Max Browne, a Larrakia Wulna and Wakka Wakka man, started his apprenticeship when he was 17 years old. He completed a Certificate III in Refrigeration and Air Conditioning and went on to do another Certificate III in Electronic Technology before becoming an electrician.
Switching his career and becoming a Field Officer with Apprenticeship Careers Australia was a natural progression for Max because he gained satisfaction from teaching apprentices when he was working as a tradesperson. “I thought I would do all right teaching young kids – apprentices and mentoring them.”
Through his work as a Field Officer, Max believes he has made a difference in his community. “Even if it’s just a small win, I get a sense of satisfaction seeing people succeed. I am enjoying my current role and I highly encourage any First Nations peoples out there to do an apprenticeship or traineeship. There are lifelong skills that you’ll learn; you get a qualification out of it, and you really build some confidence in yourself too.”
This year’s NAIDOC Week theme is For Our Elders, and Max thanked his mother, Julie, for supporting him. She said: “As an elder, my role is to help maintain traditions, stories, and culture. I am also responsible for strengthening family connections for today’s and tomorrow’s generation. There is an old proverb that states those who respect the elderly pave their own road toward success. This is so true for my son Max.”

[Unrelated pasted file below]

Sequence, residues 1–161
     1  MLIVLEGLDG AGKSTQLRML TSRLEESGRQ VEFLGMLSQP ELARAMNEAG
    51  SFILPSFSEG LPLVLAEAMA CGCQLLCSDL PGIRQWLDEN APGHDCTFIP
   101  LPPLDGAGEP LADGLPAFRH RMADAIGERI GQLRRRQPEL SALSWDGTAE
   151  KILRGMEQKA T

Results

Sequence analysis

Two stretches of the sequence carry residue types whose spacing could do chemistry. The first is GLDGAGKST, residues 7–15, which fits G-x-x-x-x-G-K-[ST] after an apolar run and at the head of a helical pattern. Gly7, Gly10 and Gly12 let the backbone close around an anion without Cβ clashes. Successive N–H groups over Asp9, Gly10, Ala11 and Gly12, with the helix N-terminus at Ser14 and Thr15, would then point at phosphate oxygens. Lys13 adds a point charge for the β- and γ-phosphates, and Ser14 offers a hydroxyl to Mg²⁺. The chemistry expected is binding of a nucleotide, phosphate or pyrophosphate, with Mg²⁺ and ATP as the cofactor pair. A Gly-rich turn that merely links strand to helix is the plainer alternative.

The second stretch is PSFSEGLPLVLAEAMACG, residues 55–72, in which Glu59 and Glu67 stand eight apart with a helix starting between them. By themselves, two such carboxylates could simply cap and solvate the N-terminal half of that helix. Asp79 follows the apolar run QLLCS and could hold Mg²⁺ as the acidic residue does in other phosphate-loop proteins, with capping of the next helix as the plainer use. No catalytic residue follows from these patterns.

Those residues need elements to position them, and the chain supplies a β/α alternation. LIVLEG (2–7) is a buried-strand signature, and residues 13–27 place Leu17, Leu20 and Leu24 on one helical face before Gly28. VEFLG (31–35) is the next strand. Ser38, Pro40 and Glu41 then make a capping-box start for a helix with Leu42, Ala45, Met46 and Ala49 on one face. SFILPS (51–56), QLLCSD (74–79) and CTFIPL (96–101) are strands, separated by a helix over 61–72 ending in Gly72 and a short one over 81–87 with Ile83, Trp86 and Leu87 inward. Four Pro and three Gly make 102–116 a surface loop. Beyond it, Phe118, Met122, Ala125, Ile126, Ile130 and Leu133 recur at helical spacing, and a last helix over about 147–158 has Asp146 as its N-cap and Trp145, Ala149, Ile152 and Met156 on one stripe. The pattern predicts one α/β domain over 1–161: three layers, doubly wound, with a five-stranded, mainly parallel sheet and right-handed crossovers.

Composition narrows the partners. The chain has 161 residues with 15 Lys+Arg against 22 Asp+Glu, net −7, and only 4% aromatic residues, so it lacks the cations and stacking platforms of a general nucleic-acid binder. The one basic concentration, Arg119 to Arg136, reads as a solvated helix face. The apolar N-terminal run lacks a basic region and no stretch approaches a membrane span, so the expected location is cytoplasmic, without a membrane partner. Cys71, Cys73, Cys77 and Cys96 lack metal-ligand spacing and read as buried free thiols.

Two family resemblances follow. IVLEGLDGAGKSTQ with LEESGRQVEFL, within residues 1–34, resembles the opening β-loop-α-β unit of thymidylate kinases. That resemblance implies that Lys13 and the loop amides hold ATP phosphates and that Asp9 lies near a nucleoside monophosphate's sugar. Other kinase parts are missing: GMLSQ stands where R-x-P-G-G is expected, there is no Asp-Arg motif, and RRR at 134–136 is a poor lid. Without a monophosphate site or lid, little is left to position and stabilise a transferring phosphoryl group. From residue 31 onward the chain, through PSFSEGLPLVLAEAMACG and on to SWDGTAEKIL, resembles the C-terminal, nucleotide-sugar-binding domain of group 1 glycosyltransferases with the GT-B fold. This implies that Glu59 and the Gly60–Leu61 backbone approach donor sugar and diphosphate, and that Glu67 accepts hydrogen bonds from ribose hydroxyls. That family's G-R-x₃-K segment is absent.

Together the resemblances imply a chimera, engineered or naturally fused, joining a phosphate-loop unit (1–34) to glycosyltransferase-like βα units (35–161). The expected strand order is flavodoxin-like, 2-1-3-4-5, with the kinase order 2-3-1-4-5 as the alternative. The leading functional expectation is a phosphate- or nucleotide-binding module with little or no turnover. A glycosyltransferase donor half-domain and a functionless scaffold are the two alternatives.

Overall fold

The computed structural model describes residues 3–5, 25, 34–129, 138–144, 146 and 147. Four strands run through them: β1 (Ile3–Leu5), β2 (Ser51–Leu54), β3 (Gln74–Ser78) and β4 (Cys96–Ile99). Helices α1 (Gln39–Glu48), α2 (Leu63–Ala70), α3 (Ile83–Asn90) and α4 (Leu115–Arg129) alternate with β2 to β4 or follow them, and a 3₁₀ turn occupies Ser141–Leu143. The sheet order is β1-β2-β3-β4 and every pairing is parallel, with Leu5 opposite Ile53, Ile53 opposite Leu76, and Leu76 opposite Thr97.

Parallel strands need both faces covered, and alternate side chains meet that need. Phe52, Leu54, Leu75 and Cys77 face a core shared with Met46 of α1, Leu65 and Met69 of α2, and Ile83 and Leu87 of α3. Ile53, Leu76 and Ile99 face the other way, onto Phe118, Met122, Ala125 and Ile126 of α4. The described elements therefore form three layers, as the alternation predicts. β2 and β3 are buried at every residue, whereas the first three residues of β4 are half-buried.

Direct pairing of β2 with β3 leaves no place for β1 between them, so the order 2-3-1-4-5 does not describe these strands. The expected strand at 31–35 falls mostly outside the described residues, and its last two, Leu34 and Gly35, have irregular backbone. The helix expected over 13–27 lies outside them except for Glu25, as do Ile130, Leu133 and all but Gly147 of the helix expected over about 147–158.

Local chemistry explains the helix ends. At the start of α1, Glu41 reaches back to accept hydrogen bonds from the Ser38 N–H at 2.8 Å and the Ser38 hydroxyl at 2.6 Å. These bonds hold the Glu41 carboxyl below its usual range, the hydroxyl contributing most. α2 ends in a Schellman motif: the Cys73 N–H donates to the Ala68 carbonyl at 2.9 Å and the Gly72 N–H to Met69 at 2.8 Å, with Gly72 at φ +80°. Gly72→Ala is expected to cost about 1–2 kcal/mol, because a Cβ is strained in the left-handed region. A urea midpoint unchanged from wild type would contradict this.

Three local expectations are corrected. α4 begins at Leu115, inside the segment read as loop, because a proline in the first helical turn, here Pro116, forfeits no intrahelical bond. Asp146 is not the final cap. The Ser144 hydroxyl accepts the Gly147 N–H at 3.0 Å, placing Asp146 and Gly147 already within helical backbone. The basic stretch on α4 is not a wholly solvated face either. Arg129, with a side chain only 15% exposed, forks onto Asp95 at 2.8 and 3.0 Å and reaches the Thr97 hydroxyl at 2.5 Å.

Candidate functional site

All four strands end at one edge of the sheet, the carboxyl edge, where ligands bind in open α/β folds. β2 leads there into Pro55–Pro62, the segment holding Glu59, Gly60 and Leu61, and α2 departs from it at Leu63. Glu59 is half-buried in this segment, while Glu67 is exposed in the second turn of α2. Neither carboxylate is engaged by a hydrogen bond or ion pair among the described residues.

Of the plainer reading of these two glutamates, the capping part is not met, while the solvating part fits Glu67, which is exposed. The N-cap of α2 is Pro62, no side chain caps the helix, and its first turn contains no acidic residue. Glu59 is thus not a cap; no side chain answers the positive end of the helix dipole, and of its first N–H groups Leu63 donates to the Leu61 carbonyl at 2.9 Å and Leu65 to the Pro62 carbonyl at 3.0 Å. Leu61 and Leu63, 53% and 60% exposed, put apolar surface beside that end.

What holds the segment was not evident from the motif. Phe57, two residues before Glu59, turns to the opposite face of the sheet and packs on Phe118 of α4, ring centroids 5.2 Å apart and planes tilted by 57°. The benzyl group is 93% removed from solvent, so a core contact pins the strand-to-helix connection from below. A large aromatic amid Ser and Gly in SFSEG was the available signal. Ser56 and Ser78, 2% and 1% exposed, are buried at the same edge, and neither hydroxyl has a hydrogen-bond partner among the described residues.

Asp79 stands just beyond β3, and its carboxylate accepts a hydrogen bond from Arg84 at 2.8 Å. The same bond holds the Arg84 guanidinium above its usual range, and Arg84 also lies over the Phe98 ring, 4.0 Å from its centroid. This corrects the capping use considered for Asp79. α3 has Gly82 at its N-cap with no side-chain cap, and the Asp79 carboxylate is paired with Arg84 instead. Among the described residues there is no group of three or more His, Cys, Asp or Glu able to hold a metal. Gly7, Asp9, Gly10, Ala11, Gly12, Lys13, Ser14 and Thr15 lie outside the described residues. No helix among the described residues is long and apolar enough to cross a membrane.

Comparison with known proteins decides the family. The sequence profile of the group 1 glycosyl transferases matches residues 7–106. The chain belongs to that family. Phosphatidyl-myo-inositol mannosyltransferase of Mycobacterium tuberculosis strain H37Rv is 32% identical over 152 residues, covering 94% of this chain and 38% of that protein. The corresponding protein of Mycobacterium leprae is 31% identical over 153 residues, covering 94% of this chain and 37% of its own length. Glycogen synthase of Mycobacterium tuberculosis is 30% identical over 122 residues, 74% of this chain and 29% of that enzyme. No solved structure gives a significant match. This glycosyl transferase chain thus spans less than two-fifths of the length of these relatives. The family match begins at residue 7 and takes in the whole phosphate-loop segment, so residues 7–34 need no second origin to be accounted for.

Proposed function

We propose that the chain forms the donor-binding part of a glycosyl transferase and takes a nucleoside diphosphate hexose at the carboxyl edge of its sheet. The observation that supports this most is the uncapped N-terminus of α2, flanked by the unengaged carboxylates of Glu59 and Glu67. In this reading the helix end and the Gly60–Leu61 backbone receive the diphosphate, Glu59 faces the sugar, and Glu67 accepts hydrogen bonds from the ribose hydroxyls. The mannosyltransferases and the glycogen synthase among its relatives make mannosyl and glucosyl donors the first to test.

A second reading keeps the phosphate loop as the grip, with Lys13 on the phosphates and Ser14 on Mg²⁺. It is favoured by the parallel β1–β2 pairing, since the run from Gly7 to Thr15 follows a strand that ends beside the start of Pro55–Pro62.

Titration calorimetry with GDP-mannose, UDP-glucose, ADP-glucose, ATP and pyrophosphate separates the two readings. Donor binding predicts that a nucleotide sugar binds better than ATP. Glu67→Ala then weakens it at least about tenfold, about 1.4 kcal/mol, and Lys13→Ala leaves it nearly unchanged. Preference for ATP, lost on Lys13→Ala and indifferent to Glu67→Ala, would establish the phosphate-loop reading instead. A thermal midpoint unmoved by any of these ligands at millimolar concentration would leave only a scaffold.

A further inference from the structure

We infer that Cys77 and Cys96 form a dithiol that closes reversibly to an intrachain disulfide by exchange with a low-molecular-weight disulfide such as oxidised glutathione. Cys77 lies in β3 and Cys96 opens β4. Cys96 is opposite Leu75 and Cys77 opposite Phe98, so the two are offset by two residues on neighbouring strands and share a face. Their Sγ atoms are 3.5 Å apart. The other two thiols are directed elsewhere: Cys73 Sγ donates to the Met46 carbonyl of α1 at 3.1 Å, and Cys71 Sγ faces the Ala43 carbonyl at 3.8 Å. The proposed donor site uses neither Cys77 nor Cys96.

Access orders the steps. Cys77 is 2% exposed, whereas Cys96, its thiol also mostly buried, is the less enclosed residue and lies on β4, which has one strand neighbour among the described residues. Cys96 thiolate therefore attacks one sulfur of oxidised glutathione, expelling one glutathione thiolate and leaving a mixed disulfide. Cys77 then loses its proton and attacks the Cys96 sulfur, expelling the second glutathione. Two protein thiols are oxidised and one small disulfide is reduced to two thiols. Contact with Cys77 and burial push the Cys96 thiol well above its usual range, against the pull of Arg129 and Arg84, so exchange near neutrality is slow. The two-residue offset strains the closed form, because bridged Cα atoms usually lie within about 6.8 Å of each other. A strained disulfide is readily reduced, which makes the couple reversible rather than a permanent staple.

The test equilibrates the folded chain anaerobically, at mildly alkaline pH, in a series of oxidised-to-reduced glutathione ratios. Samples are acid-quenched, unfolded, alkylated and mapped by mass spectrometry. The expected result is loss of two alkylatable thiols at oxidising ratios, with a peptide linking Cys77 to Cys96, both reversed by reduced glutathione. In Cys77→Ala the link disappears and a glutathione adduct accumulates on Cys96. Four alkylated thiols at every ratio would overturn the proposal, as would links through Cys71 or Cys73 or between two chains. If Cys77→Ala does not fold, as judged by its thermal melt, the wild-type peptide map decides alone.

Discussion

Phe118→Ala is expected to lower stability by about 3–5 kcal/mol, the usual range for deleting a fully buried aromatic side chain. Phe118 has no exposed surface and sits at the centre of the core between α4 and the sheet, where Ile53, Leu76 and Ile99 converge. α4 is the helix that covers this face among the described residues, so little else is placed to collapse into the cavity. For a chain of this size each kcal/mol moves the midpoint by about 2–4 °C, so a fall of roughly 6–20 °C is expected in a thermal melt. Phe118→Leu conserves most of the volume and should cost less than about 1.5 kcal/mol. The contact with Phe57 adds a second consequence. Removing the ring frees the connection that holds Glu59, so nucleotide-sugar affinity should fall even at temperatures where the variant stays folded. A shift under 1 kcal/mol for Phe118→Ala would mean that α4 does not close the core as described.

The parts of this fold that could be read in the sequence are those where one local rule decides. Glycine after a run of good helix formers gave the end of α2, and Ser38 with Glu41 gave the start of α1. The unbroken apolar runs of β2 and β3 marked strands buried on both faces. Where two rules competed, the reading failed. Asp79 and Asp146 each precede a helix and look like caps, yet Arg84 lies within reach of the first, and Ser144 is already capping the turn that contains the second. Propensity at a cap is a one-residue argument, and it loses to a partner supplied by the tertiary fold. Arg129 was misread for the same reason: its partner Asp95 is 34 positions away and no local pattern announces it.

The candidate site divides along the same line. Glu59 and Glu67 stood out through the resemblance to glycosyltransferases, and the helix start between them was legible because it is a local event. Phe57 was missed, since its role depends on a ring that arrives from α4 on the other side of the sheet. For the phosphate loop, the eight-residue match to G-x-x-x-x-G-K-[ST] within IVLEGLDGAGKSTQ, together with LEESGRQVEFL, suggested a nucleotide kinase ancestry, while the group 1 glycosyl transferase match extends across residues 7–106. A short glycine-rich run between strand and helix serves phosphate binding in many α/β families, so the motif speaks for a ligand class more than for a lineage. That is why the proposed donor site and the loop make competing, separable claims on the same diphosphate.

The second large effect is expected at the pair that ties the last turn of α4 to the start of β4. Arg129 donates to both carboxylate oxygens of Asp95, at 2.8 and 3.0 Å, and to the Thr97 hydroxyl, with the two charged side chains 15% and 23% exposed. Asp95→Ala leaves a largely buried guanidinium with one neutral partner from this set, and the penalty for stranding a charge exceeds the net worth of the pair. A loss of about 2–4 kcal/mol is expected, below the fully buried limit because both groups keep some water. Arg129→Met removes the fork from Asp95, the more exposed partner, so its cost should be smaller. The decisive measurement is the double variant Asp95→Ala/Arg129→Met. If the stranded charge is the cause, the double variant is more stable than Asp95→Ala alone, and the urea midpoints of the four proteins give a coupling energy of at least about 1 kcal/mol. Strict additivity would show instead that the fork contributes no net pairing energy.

Julie shared that Max has great reverence and respect for his elders and through them, and herself as his mother, Max has carved out his own road toward success by listening to his elders’ wisdom and guidance. “He has achieved many things in his career. I am confident that Max can also encourage other apprentices and trainees on the same road to success.”